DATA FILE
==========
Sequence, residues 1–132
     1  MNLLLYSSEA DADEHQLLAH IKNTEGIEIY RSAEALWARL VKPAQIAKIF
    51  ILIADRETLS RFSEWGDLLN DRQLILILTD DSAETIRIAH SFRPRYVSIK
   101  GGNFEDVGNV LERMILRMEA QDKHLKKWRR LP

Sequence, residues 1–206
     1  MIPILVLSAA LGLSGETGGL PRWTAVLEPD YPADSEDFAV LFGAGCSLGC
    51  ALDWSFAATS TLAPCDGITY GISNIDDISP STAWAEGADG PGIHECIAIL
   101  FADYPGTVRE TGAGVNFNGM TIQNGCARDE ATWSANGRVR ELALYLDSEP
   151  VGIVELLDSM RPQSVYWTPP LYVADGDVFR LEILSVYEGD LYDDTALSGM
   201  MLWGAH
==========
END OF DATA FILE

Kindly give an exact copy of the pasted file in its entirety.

Sequence, residues 1–132
     1  MNLLLYSSEA DADEHQLLAH IKNTEGIEIY RSAEALWARL VKPAQIAKIF
    51  ILIADRETLS RFSEWGDLLN DRQLILILTD DSAETIRIAH SFRPRYVSIK
   101  GGNFEDVGNV LERMILRMEA QDKHLKKWRR LP

Sequence, residues 1–206
     1  MIPILVLSAA LGLSGETGGL PRWTAVLEPD YPADSEDFAV LFGAGCSLGC
    51  ALDWSFAATS TLAPCDGITY GISNIDDISP STAWAEGADG PGIHECIAIL
   101  FADYPGTVRE TGAGVNFNGM TIQNGCARDE ATWSANGRVR ELALYLDSEP
   151  VGIVELLDSM RPQSVYWTPP LYVADGDVFR LEILSVYEGD LYDDTALSGM
   201  MLWGAH